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Monday 2 January 2012: Kite flying

I heard sounds of small bird alarm and, looking up, saw this raptor soar over the house, its tail fork distinguishing it from the (more common) buzzard's fan. Ten years ago the sight of a red kite here would have been a wonder but, since being re-established in mid Wales, they have been gradually working their way south and they are one of the biggest success stories of wildlife conservation.

Until very recently, the red kites were on the brink of extinction. Long persecuted as vermin, by the turn of the 20th century poisoning, pesticides, habitat destruction, trapping and egg collection had reduced the numbers of this once common bird of prey to a small handful in the isolated hills of the Cambrian Mountains of central Wales. Conservation bodies, notably the RSPB, mounted under a huge surveillance operation in which every remaining bird was monitored. Farmers were encouraged to hold daily feeding sessions. Nests were guarded by a team of wardens and volunteer watchers - even a team of Gurkha soldiers were called in to help with guard duties. Public interest was aroused and feeding stations provided live observation via video cameras. The operation was successful and latest estimates put the number of breeding red kite pairs in Mid Wales at more than 250 with a range that is spreading - hence its appearance down into Pembrokeshire.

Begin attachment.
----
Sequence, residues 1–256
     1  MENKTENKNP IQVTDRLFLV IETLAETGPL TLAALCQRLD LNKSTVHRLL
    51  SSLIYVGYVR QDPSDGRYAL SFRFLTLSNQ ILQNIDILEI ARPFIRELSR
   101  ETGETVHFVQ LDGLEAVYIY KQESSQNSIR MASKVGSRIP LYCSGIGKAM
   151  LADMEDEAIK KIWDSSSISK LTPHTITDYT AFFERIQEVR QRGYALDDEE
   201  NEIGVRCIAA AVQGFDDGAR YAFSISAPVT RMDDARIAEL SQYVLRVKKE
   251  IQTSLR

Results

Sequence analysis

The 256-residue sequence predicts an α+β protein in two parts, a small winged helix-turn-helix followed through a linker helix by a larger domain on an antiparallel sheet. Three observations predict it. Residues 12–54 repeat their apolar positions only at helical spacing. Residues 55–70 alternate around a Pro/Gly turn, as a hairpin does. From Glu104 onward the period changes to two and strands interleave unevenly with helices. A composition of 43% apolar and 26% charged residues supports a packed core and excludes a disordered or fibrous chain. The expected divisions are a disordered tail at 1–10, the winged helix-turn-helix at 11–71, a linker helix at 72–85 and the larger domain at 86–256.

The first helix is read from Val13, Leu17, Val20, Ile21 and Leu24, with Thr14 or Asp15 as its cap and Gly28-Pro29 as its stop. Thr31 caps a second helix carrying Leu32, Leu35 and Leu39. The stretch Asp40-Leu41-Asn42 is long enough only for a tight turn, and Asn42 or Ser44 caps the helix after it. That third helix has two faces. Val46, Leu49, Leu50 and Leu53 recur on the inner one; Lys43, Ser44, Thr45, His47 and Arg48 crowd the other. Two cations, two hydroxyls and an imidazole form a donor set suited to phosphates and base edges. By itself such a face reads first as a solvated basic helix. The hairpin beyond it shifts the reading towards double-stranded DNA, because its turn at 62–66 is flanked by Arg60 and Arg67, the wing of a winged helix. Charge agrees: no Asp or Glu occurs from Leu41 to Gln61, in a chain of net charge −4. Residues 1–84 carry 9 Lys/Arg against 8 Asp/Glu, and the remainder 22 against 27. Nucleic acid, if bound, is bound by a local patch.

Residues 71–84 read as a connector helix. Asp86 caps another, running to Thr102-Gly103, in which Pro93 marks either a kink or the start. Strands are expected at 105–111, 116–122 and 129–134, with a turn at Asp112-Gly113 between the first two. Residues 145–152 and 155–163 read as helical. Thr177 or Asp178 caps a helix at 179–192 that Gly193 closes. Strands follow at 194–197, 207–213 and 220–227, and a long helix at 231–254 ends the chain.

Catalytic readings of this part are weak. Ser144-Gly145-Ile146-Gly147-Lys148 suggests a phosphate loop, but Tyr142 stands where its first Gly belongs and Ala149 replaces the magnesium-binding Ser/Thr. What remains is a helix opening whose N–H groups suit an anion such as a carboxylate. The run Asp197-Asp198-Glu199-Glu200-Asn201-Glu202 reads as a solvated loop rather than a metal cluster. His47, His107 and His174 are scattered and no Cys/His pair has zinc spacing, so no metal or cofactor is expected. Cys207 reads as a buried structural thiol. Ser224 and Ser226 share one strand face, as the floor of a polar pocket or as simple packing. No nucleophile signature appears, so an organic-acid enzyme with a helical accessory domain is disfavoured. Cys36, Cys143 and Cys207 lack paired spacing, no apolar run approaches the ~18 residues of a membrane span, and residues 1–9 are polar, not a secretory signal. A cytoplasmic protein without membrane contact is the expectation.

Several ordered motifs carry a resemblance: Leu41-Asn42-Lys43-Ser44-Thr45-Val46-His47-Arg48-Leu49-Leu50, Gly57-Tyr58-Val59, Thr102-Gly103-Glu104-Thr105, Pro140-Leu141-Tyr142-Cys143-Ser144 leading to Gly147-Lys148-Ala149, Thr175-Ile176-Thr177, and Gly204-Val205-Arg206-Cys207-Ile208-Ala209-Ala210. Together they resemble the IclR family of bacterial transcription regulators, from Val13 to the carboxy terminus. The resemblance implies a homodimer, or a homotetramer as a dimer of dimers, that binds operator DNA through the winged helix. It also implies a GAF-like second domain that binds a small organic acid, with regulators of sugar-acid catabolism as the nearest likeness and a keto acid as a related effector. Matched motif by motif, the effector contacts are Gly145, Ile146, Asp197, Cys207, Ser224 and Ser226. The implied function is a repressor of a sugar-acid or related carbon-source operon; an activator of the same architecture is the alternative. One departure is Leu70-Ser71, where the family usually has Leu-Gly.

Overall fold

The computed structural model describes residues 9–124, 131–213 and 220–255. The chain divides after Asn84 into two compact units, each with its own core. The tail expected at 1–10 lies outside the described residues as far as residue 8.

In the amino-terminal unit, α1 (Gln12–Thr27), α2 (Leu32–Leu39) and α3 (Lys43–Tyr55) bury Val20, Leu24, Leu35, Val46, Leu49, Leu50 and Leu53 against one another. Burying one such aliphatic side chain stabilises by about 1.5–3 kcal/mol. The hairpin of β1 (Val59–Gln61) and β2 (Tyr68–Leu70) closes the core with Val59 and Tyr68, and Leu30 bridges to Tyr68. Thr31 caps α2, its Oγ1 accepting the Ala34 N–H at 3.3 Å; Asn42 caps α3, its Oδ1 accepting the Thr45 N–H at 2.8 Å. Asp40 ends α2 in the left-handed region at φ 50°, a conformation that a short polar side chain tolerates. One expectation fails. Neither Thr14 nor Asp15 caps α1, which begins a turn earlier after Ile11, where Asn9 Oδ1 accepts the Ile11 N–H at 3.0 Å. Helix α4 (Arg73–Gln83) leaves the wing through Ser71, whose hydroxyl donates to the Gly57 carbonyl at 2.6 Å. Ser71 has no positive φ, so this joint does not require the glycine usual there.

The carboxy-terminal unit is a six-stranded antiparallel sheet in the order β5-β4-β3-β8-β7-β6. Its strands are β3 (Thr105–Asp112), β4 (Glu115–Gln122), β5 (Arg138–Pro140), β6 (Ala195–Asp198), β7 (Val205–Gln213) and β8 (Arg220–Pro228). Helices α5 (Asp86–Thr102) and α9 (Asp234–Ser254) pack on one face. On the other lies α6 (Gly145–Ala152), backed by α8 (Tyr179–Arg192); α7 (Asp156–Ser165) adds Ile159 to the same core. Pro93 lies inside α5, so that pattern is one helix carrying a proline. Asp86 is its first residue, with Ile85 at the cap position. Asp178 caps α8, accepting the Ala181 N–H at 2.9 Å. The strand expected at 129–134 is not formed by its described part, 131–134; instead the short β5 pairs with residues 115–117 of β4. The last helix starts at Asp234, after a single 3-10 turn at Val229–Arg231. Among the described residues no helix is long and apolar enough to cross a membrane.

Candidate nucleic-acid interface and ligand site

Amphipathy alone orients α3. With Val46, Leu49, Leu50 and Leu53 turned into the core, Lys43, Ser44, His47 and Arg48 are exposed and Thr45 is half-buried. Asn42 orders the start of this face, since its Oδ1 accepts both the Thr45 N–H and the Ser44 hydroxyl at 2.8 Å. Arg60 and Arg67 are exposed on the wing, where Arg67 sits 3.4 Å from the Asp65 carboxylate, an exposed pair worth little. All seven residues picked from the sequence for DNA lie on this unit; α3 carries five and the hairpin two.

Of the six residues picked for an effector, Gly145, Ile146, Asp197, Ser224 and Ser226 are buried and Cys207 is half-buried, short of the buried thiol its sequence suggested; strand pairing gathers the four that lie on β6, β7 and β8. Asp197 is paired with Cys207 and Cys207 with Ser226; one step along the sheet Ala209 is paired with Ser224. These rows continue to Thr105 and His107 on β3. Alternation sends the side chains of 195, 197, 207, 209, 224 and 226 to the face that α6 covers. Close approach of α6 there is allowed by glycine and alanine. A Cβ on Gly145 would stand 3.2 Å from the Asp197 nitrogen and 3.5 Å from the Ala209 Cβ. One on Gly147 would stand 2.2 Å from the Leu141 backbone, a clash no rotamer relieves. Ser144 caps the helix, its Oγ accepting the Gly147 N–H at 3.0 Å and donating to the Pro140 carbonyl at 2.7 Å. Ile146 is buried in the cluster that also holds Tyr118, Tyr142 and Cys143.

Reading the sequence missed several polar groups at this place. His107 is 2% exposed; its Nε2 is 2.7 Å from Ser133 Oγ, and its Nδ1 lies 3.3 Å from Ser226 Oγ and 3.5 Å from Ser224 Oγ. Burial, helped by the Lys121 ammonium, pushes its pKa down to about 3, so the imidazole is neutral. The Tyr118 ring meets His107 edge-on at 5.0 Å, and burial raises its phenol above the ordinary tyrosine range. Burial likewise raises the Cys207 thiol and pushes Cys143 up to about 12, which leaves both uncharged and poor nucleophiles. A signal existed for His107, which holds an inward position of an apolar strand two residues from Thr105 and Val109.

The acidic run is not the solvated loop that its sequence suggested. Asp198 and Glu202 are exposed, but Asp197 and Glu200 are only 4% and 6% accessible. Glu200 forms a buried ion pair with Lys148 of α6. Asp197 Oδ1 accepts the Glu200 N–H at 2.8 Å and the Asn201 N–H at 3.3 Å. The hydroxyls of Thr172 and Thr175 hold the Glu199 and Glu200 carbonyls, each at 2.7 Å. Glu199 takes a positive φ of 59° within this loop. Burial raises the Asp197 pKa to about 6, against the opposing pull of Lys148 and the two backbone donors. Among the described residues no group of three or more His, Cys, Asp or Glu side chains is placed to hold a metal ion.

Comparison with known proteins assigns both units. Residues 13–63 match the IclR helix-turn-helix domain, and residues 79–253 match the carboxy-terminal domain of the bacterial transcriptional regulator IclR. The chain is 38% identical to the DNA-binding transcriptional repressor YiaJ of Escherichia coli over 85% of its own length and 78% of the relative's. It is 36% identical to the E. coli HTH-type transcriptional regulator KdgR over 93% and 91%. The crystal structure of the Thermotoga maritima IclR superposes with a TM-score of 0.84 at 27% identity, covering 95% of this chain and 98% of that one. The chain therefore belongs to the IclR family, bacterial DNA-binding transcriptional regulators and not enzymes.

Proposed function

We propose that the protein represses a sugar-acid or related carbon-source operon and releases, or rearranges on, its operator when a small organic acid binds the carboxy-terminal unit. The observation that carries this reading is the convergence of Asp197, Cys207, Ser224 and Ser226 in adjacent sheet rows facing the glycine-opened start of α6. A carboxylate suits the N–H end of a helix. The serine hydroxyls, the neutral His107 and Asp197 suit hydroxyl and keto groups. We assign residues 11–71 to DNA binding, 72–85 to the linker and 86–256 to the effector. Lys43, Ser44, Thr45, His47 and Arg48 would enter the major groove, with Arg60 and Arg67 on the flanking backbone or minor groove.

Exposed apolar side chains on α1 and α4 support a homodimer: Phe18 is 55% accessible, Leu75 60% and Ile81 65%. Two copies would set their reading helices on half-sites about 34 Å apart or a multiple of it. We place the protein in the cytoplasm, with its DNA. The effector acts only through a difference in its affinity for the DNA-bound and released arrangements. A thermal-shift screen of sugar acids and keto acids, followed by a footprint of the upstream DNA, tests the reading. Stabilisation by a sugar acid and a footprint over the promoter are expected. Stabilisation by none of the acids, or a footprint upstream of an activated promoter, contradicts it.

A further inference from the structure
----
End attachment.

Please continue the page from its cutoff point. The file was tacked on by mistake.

(Red kite populations have been established in Scotland and England but with birds imported from other European countries - where they are decreasing in number.)

The red kite (Milvus milvus) is named for its rufous plumage. With wings held at an angle known as dihedral (pointing up) and measuring almost 2 metres across, this is an elegant and impressive raptor, able to ride the wind for hours at a time with scarcely a wingbeat, striking terror into the hearts the smaller birds and mammals which form its prey along with amphibians and earthworms. It scavenges too and because it doesn't possess much strength in its beak it has to wait for carcases to rot or be torn apart by other creatures. It's thought to have evolved a specialized digestive system, like vultures, that allows it to feast on putrid carrion. They also snatch food from other birds and even follow the plough like gulls. In Shakespeare's A Winter's Tale, Autolycus warns: "When the kite builds, look to lesser linen," because of the kite's habit of stealing from clotheslines to build its nest. In fact, kites will line nests with anything, including crisp packets - probably after eating the crisps. Generally speaking they're not gourmets and unfortunately their ravenous appetites may endanger them once again: it seems that in southern England people are feeding them on scraps; such food lacks nutritional value and creates dependence.

Read more about the red kites here or, better still, come to Wales and see them in their natural surroundings.

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